As the New York Times pointed out in an excellent editorial this week, human rights in Europe are designed to protect the powerless and to guarantee them a day in open court. Wait a minute. Calling a company with annual sales of $38bn powerless is, well, absurd. I have no idea how many lawyers Intel employs, but you can bet it doesn't have to resort to the services of a public defender.
(Because neither I nor other reporters have access to EU filings and Intel isn't commenting, I've had to piece the most recent legal narrative together from a number of sources, including the Wall Street Journal and the New York Times.)
Two decades of bullying
I started writing about the PC industry in the early 1990s when AMD was in terrible shape, burdened with the reputation of being a low-end, copycat manufacturer and just beginning to design chips worthy of consideration by a major manufacturer.
Even then, the industry was full of stories that Intel salespeople would threaten computer makers that had the temerity to even consider a deal with AMD. Although the charges seemed credible, if for no other reason than they were so widespread, it was a source of ongoing frustration to me and other technology journalists that none of the manufacturers who claimed to be victims of monopolistic bullying would speak on the record or provide solid documentation to back their claims.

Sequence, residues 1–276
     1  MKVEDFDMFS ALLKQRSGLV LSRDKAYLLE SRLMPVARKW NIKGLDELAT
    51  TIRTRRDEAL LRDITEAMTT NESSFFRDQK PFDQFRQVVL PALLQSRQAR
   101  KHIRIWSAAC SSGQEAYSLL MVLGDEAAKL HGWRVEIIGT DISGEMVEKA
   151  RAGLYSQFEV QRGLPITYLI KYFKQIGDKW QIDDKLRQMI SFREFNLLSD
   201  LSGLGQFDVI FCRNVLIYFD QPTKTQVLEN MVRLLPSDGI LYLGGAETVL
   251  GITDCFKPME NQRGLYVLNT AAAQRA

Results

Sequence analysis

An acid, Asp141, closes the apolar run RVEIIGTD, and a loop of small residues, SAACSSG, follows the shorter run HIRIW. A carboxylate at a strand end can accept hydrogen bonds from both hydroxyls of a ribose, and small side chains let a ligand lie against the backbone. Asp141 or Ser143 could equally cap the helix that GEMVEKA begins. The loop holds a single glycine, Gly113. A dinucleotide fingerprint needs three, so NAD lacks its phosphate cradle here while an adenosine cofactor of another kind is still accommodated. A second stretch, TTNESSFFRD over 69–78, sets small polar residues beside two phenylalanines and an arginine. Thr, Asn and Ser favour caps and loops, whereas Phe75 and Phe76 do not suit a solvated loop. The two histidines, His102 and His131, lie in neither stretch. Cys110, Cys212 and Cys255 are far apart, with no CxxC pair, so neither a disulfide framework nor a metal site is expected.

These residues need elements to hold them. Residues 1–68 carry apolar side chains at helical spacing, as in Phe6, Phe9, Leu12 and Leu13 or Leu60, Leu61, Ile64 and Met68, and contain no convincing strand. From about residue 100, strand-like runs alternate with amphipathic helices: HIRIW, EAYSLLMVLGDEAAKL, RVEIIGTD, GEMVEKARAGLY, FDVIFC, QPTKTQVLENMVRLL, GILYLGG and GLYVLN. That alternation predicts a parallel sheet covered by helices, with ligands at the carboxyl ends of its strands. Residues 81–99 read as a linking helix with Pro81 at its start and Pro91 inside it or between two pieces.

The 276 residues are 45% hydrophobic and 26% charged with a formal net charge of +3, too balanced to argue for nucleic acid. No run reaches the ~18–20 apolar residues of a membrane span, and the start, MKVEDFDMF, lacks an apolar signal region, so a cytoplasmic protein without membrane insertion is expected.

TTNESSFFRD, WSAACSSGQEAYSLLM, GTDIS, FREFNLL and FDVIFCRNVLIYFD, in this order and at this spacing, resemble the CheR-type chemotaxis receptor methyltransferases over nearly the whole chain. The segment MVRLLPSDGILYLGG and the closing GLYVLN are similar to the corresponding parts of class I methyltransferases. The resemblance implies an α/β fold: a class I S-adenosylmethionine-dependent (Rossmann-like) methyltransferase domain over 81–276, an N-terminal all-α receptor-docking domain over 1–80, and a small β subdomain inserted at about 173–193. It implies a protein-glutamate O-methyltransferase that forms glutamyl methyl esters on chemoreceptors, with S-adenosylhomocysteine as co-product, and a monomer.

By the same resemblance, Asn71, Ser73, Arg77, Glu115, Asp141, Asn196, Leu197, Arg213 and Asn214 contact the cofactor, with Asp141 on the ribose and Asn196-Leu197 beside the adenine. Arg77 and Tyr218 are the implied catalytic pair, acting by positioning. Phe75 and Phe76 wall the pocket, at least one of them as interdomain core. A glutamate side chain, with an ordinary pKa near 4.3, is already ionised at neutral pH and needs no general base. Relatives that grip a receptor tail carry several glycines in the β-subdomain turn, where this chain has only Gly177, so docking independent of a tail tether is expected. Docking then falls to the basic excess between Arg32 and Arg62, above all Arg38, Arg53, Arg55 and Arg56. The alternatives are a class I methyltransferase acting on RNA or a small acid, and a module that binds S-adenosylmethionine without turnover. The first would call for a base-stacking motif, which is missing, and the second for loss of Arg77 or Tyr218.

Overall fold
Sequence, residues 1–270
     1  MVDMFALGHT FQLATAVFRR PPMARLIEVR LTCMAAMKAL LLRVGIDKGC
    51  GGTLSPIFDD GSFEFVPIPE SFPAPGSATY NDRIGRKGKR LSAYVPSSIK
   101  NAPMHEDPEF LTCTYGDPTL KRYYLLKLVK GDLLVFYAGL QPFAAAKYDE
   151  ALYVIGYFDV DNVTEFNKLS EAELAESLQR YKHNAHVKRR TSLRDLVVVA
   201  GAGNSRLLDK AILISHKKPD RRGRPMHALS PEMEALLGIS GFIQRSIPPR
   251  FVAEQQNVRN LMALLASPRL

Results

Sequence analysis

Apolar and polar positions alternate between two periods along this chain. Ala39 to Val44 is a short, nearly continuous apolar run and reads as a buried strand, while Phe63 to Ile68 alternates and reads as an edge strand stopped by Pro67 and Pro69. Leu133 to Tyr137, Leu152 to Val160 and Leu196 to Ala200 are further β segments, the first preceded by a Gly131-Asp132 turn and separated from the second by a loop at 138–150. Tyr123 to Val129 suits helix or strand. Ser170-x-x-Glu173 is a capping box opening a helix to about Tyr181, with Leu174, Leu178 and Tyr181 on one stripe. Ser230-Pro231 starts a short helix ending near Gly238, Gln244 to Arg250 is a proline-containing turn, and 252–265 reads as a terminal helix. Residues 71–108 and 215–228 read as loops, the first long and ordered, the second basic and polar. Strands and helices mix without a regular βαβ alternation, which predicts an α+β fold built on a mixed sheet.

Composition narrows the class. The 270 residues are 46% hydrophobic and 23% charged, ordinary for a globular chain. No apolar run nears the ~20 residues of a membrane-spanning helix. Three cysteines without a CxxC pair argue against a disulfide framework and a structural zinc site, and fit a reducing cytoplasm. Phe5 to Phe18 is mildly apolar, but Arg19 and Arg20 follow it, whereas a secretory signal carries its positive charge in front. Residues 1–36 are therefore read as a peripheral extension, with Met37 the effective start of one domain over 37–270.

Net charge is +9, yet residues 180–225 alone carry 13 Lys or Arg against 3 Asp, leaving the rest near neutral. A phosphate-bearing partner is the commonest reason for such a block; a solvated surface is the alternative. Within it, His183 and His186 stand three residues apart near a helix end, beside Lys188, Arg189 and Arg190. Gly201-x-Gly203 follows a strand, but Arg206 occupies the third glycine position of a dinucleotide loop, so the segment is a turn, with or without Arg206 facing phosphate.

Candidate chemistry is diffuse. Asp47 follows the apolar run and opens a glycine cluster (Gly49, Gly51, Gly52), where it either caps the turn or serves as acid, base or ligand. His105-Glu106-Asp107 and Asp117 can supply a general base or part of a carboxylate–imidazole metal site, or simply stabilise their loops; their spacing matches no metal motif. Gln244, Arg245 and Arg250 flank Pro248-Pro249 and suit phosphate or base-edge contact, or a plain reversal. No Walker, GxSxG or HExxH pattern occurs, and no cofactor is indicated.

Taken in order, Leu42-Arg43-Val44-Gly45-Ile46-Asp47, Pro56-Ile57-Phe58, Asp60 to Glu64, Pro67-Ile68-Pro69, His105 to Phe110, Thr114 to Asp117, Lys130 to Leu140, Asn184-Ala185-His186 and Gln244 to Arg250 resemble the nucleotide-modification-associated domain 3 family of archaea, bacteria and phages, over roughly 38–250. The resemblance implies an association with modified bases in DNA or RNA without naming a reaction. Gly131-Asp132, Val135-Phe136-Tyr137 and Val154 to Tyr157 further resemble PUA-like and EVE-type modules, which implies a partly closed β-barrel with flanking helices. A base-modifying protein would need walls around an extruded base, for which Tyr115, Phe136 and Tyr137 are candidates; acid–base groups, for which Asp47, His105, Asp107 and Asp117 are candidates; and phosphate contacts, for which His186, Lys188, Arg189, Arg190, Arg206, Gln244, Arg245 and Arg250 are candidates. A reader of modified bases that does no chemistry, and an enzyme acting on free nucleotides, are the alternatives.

Things have changed, of course, and companies have gone on the record. The fine was the largest ever for any breach of competition law in the European Union; previous records were levied mostly on companies involved in cartels.
I have great respect for Intel's prowess as a designer and manufacturer of microprocessors. The company's CPUs have quite literally been the engine of innovations that have changed the world. I think it is more than able to survive and thrive on its own merits, without resorting to illegal bullying. Consumers and smaller companies deserve the protection the EU is providing.
Intel has every right to defend itself and to appeal. But playing this ridiculous human rights card sounds very much like an implicit admission of guilt.